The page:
Bats are the second most speciose order of mammals and are under significant threat throughout the world. Survey and monitoring of bats for conservation are severely hampered by the lack of a reliable and user-friendly method of identifying bats from their echolocation calls. We recorded and described time-expanded echolocation calls from 23 bat species in the National Park of Dadia-Lefkimi-Soufli, Greece. We compared the performance of quadratic and linear discriminant function analysis (DFA) of calls as a means of identifying species. Quadratic rather than linear DFA has been used by several researchers because of the violation of the method's basic assumption (homogeneity of variance-covariance matrices). However, when linear DFA was applied for the classification of recorded species in this study, correct classification rate was identical to the quadratic functions (82.4%) and linear models did not misclassify bats to the species with the greatest dispersion, the main problem caused by violation of the homogeneity assumption. The advantage of linear DFA is that it provides discriminant function coefficients. The linear combination of these coefficients and parameters from calls from unidentified bats can be used for species identification without access to the original data sets, an option not provided by quadratic analysis. When separate models were developed for Myotis species and for FM/QCF species, correct classification rates increased to 84.8% and 93.4%, respectively. DF coefficients thus provide a reliable identification tool, but intraspecific geographic variation must be taken into account.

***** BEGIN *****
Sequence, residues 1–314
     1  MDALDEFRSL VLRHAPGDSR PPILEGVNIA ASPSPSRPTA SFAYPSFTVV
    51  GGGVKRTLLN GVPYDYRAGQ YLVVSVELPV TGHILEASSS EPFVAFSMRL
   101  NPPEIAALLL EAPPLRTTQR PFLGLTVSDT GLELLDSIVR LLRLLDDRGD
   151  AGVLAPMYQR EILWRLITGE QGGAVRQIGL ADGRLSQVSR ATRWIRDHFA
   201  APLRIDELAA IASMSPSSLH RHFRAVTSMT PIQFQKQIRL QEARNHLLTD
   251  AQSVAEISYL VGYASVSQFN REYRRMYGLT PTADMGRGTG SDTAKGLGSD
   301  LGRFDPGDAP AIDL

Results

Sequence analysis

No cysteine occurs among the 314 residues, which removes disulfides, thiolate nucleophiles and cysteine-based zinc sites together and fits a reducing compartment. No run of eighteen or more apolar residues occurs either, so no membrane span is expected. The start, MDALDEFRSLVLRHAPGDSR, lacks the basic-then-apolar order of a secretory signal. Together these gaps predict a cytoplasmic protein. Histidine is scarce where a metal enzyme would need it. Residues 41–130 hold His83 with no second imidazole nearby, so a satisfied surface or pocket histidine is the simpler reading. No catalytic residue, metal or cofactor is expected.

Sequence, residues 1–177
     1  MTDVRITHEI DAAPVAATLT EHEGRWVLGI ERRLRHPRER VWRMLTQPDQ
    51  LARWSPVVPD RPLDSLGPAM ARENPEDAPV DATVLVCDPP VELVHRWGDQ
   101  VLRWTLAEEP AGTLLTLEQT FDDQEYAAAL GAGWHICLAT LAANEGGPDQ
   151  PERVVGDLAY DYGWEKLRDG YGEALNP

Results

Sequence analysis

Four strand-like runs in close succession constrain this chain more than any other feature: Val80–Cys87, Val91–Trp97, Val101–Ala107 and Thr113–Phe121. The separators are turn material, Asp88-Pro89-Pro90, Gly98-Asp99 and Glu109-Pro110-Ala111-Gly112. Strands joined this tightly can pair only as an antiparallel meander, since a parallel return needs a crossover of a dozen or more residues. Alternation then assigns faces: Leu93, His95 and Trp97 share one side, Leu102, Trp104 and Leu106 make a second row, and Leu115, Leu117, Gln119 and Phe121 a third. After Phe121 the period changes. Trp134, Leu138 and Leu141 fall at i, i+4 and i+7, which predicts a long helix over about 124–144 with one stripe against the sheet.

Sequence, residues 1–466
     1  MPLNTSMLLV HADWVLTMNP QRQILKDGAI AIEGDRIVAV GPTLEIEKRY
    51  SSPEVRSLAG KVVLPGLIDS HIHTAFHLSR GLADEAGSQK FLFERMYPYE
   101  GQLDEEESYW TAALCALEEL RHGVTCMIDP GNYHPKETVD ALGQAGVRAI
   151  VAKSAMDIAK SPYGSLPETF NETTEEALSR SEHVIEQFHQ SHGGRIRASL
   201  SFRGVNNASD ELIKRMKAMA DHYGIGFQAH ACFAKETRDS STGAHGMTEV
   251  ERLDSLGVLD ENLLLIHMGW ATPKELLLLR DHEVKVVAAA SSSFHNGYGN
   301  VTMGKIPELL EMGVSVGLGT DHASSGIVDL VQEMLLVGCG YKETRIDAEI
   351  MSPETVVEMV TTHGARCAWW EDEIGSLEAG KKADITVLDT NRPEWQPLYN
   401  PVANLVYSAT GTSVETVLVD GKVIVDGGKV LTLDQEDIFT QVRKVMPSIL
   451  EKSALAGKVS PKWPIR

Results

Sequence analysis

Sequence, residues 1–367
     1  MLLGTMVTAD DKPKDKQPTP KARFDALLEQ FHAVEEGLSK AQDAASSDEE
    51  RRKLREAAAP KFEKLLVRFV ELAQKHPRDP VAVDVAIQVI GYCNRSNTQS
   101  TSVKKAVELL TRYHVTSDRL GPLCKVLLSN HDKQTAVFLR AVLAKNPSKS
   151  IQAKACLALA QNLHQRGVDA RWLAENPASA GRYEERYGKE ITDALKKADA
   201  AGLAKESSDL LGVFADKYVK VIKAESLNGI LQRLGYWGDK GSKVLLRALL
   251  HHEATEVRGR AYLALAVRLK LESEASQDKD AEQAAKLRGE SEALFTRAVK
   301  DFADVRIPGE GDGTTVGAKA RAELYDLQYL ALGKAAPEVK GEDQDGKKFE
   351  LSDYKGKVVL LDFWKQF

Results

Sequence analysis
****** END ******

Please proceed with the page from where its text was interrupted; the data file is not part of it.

discriminant function analysis